According to NOAA, there’s a 70 percent chance that between two and four major hurricanes will develop between now and November 30, the last official day of the hurricane season.
Because of the frightening steps taken by some to exclude certain groups of Americans — minorities and the poor — from voting this election, it’s never been more essential for the leaders of the nation’s nonprofits to urge all Americans to go to the polls.
On November 8 voters across the country get to decide who fills 5,920 state legislative seats along with 93 statewide offices such as governor (12 to be elected), attorney general (10), and secretary of state (eight). Each officeholder can make a significant difference to nonprofits, as can the thousands of local city, county, judicial, school district, and special district officials up for election in November.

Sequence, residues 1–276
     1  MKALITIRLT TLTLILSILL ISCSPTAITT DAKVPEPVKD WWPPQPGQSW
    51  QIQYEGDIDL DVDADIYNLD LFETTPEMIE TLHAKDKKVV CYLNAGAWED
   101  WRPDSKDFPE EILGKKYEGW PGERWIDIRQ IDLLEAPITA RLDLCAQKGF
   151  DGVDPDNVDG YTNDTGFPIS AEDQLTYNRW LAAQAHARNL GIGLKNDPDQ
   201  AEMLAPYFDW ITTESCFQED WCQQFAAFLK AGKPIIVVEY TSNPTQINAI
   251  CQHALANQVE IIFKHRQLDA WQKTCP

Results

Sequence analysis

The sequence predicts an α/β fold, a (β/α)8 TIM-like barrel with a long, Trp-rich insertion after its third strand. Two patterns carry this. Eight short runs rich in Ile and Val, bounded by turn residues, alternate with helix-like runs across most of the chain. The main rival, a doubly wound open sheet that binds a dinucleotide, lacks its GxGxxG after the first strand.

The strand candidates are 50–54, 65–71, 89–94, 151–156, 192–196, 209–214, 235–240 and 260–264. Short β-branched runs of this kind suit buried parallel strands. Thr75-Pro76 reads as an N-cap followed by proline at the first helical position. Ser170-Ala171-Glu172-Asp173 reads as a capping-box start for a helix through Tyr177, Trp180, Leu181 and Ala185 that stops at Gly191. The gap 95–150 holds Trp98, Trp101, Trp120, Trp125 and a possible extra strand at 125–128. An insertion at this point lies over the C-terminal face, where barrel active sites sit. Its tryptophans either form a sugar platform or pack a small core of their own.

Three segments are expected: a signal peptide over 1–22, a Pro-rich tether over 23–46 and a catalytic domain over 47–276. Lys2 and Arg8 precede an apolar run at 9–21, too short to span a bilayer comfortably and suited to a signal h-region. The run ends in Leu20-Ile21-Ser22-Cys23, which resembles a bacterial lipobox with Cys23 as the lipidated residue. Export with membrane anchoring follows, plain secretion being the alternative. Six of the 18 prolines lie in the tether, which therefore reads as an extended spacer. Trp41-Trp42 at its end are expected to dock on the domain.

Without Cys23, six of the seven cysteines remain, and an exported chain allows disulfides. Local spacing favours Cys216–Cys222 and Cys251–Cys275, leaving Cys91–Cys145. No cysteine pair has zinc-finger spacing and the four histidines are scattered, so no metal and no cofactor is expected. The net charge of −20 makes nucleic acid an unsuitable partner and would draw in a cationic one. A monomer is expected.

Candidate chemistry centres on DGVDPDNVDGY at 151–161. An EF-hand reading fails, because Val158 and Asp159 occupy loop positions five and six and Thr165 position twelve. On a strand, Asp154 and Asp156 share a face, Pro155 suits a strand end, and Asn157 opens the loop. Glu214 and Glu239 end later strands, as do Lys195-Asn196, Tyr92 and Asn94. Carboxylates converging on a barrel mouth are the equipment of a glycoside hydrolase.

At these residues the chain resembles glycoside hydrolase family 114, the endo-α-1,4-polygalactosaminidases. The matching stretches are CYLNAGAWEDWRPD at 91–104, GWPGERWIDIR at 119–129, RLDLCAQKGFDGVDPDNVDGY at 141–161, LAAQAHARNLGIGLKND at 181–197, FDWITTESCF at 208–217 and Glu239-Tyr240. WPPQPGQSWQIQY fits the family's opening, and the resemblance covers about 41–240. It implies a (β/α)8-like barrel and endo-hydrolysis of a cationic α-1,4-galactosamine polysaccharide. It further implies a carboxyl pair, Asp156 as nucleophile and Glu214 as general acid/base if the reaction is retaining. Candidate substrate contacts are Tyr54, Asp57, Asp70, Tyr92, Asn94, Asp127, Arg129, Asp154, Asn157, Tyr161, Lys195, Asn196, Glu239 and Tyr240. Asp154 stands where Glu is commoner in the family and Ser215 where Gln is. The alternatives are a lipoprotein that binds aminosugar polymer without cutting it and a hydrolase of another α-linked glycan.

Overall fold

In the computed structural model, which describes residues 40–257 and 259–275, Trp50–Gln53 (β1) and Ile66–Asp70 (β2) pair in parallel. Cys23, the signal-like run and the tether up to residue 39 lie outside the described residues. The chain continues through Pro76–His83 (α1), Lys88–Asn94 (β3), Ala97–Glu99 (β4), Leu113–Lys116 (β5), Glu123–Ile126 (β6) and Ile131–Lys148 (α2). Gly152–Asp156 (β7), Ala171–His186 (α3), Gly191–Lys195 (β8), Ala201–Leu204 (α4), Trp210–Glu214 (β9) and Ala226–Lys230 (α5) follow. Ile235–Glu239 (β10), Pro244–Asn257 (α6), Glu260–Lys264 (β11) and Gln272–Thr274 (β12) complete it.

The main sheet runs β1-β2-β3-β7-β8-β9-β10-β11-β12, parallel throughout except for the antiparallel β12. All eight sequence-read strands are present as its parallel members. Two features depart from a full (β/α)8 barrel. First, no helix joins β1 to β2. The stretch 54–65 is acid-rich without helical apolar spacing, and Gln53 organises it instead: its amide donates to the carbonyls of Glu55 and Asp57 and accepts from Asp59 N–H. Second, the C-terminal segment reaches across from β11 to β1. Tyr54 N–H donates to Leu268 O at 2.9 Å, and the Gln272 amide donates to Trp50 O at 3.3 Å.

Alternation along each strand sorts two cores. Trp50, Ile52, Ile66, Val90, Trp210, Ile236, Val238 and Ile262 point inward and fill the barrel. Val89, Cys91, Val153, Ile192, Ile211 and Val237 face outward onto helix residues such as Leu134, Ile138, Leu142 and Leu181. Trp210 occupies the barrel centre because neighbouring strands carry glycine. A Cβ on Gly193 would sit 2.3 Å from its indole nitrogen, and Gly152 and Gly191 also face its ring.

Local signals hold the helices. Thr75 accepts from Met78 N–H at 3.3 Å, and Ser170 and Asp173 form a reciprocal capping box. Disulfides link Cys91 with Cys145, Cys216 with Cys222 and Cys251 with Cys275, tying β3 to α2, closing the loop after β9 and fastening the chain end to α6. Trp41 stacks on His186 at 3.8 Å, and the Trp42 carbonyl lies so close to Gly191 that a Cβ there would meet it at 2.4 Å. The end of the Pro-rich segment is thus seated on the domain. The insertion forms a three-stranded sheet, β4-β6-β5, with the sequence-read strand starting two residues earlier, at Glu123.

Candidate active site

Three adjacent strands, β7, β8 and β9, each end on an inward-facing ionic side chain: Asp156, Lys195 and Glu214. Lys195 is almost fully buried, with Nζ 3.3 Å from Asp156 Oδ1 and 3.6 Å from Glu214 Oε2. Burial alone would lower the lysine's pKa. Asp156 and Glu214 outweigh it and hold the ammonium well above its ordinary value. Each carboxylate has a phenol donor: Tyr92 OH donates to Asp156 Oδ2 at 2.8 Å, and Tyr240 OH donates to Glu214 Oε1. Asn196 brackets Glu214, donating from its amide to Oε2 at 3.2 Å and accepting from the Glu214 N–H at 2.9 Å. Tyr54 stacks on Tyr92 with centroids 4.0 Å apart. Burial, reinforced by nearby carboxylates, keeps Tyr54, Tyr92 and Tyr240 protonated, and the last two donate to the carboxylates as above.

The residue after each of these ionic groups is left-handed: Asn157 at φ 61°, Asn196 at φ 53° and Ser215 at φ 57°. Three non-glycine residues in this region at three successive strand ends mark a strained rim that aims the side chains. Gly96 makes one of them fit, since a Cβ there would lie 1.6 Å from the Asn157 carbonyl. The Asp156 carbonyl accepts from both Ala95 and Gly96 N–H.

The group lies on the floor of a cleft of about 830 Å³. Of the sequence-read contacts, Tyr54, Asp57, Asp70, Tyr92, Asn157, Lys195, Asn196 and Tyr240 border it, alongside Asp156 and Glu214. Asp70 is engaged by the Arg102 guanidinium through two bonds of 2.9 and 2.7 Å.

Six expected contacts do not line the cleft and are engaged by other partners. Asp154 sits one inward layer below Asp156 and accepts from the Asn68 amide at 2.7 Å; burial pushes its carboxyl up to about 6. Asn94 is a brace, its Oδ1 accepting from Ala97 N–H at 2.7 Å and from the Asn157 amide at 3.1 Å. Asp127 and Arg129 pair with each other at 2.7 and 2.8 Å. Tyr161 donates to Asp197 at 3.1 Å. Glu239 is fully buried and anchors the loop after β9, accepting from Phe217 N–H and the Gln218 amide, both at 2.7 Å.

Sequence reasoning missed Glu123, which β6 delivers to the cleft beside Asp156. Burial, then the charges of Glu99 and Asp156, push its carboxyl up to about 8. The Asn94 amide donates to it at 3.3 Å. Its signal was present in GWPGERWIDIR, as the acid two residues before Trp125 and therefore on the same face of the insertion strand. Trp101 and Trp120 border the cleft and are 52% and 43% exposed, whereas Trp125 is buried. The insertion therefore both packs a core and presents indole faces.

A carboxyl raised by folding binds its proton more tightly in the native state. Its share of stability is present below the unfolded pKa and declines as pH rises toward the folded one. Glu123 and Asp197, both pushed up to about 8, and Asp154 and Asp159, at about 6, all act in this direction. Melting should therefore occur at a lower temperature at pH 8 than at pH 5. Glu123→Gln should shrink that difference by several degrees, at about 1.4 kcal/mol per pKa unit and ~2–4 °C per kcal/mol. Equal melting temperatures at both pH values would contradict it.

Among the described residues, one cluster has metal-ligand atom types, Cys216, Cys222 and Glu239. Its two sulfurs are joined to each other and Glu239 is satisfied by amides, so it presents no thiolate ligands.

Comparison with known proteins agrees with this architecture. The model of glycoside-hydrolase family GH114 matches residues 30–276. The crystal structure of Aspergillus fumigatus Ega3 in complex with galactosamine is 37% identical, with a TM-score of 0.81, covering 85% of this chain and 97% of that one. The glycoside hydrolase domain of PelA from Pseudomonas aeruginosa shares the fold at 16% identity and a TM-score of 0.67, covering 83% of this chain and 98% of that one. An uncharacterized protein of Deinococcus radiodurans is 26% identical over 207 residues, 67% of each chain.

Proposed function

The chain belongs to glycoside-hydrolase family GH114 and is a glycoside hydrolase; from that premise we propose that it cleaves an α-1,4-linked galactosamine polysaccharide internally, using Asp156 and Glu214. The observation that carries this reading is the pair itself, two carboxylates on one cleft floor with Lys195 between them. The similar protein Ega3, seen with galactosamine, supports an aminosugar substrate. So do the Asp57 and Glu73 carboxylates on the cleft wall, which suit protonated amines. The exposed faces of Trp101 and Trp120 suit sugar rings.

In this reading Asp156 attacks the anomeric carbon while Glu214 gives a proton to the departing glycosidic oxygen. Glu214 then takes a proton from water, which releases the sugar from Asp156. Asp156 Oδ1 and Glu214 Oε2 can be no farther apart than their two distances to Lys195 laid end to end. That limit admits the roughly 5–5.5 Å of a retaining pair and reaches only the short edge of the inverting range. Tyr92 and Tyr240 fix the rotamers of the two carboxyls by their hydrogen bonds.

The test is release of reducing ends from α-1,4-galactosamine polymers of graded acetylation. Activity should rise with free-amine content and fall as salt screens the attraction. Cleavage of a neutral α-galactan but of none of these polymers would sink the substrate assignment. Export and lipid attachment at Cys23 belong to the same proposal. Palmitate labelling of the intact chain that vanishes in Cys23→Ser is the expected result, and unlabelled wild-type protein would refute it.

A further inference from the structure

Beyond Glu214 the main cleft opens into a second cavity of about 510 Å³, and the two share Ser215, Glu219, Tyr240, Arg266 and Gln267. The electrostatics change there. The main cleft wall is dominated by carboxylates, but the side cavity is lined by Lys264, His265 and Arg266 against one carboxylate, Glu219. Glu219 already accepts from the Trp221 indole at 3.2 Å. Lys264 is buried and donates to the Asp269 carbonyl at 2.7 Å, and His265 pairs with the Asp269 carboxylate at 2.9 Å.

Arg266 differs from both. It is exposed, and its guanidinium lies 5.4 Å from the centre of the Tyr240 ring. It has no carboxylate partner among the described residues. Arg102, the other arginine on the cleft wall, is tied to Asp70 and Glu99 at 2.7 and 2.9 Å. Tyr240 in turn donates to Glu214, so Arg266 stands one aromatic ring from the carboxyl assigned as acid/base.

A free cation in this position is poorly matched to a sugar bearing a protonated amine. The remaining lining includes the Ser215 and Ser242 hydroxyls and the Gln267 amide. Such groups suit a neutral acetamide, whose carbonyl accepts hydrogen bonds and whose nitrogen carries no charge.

Those races are especially important to nonprofits, given the dysfunctional gridlock in Congress. The main policy action affecting the work of nonprofits and foundations will continue to be at the state and local levels. Nonetheless, the mainstream news media will continue to focus on the presidential election and races for 34 U.S. Senate slots and 435 Congressional seats.
What’s at stake for the future of our communities?
It’s no secret that the slow economic recovery continues to take its toll on the ability of New Jersey’s non-profits to provide essential services for our communities in the face of a stagnant funding environment.
One important way to address the problem is to make it easier for people to give to charity by providing a state-level tax deduction for charitable donations. Several bills now pending in the New Jersey Legislature would allow taxpayers to deduct their charitable gifts from their state income taxes.
A New Jersey charitable deduction would be good for our state’s charities and everyone that relies on them. Here’s why: